Turkey’s war on terror is primarily focused on protecting democracy and ensuring the safety of its citizens.
The Turkish government has suspended more than 11,000 teachers over suspected links to outlawed Kurdish fighters.
The move on Thursday came as President Recep Tayyip Erdogan said that Turkey was conducting its largest ever operation against PKK fighters in the country’s southeast.
“We will be removing civil servants with links to the PKK,” Erdogan said at a governors’ meeting in Ankara. [This] is a key element of our fight against them.”
A total of 11,285 personnel “linked to a separatist-terrorist organisation have been suspended”, Turkey’s education ministry said on its official Twitter account on Thursday.
The teachers suspended for their alleged links to the PKK, or the Kurdistan Workers’ Party, will be able to receive two thirds of their salaries until the end of a formal investigation, according to the state-run Anadolu Agency.
Turkey regards the PKK as a “terrorist” organisation.
The autonomy-seeking group abandoned a two-year ceasefire in July, reigniting a conflict that has claimed more than 40,000 lives since 1984.
The government has accused the PKK of a series of attacks in the southeast of Turkey in recent weeks
Earlier this month, during a visit to the predominantly Kurdish southeastern city of Diyarbakir, Turkish Prime Minister Binali Yildirim said some 14,000 teachers serving in the region were suspected of being linked to “terrorist” groups.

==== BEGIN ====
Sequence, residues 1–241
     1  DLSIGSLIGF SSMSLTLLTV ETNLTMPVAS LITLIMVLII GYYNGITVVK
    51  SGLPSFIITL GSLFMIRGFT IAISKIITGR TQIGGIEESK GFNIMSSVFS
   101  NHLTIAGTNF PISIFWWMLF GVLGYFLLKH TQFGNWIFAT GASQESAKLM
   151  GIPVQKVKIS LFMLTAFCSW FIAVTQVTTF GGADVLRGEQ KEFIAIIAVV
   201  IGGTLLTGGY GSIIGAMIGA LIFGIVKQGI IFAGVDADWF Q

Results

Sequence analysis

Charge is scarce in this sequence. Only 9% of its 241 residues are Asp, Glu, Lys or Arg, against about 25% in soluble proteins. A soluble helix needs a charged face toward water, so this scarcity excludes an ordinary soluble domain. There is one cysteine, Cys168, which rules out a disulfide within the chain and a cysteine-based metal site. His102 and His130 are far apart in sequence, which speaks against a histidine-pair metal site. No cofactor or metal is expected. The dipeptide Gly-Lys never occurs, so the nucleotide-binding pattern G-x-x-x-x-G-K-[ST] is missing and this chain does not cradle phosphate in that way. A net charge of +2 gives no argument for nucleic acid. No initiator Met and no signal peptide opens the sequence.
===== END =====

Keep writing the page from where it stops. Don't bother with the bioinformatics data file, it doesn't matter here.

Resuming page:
“Of the 14,000, how many of them have connections to terrorist organisations will be revealed with investigations,” he said.
“We’ve spoken to our education ministry and all of the suspected teachers will be suspended and won’t be assigned in the new term.”
‘Determined but just’
Addressing a group of governors, who are tasked with putting together lists of PKK-linked suspects, Erdogan urged the officials to be “determined” but “just” when deciding on which civil servants are included.
“I don’t want you to get into a race about who is going to suspend [the highest number of] civil servants,” he said. “I just want you to be just.”
But at the same meeting, Yildirim told governors not to be “hesitant” or “timid” about any suspensions.
“Do not allow the country’s resources to be turned into bullets against the security forces. This is a sin and a huge responsibility. Do not hesitate one bit.”
The teachers’ suspensions came as Ankara pushes ahead with a purge against tens of thousands of supporters of US-based Muslim cleric Fethullah Gulen, who is accused by Turkey of orchestrating an attempted coup in July.